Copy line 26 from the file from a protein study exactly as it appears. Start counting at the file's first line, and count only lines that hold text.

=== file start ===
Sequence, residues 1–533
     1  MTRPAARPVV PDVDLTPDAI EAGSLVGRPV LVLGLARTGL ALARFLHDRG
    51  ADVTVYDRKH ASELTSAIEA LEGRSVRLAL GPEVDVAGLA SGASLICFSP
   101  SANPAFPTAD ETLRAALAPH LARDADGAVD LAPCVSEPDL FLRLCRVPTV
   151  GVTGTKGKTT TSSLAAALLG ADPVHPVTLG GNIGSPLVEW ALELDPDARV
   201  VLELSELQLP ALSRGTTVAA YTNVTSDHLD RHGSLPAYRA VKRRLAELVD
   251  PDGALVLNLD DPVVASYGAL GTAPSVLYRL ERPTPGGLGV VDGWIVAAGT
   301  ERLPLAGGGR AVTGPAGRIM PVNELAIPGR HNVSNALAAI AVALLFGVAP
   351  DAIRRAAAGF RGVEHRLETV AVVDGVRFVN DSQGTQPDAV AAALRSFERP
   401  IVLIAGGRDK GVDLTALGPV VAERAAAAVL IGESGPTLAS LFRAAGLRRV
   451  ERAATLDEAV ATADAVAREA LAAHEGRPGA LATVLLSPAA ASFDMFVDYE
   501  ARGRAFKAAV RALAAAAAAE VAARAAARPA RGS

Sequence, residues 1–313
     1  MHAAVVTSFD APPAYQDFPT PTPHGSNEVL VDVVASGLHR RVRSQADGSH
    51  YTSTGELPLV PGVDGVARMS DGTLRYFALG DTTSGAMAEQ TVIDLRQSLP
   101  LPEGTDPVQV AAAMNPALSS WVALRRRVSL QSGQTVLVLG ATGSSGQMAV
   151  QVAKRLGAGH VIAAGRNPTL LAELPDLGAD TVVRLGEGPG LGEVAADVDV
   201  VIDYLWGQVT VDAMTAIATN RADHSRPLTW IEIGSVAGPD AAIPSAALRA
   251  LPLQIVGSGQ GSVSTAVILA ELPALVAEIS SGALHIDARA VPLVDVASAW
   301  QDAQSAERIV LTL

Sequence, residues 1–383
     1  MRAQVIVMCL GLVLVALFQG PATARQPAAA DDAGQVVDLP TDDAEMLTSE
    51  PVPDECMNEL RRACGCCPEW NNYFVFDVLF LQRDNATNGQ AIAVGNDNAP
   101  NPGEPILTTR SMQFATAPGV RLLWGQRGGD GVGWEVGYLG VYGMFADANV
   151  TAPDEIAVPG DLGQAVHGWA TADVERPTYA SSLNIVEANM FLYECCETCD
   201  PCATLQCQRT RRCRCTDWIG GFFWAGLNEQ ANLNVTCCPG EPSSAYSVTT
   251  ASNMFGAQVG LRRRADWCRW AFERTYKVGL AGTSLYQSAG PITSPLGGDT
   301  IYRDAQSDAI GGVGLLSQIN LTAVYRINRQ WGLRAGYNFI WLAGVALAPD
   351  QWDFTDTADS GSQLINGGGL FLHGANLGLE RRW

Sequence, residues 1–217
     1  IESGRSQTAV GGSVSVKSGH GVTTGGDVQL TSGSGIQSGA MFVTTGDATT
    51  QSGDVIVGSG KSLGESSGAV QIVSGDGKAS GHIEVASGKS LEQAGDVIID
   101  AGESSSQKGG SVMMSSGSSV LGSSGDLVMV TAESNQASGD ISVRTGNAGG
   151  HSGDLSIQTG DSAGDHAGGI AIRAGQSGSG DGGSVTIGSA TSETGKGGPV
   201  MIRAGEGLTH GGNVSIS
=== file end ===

   201  PCATLQCQRT RRCRCTDWIG GFFWAGLNEQ ANLNVTCCPG EPSSAYSVTT